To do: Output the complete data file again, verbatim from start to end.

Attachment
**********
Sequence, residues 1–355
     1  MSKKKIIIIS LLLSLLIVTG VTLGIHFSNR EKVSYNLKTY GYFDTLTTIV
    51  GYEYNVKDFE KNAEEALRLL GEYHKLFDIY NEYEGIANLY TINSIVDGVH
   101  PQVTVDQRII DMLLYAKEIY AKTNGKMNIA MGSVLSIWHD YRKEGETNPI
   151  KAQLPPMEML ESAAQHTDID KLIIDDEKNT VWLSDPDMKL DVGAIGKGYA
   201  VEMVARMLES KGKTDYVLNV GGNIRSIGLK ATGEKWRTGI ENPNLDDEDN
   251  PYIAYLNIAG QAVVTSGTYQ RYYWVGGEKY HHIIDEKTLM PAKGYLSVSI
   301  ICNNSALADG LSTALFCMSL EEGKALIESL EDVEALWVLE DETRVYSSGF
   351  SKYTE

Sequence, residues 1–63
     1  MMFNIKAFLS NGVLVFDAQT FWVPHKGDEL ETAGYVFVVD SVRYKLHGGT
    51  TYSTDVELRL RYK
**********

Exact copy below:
Sequence, residues 1–355
     1  MSKKKIIIIS LLLSLLIVTG VTLGIHFSNR EKVSYNLKTY GYFDTLTTIV
    51  GYEYNVKDFE KNAEEALRLL GEYHKLFDIY NEYEGIANLY TINSIVDGVH
   101  PQVTVDQRII DMLLYAKEIY AKTNGKMNIA MGSVLSIWHD YRKEGETNPI
   151  KAQLPPMEML ESAAQHTDID KLIIDDEKNT VWLSDPDMKL DVGAIGKGYA
   201  VEMVARMLES KGKTDYVLNV GGNIRSIGLK ATGEKWRTGI ENPNLDDEDN
   251  PYIAYLNIAG QAVVTSGTYQ RYYWVGGEKY HHIIDEKTLM PAKGYLSVSI
   301  ICNNSALADG LSTALFCMSL EEGKALIESL EDVEALWVLE DETRVYSSGF
   351  SKYTE

Sequence, residues 1–63
     1  MMFNIKAFLS NGVLVFDAQT FWVPHKGDEL ETAGYVFVVD SVRYKLHGGT
    51  TYSTDVELRL RYK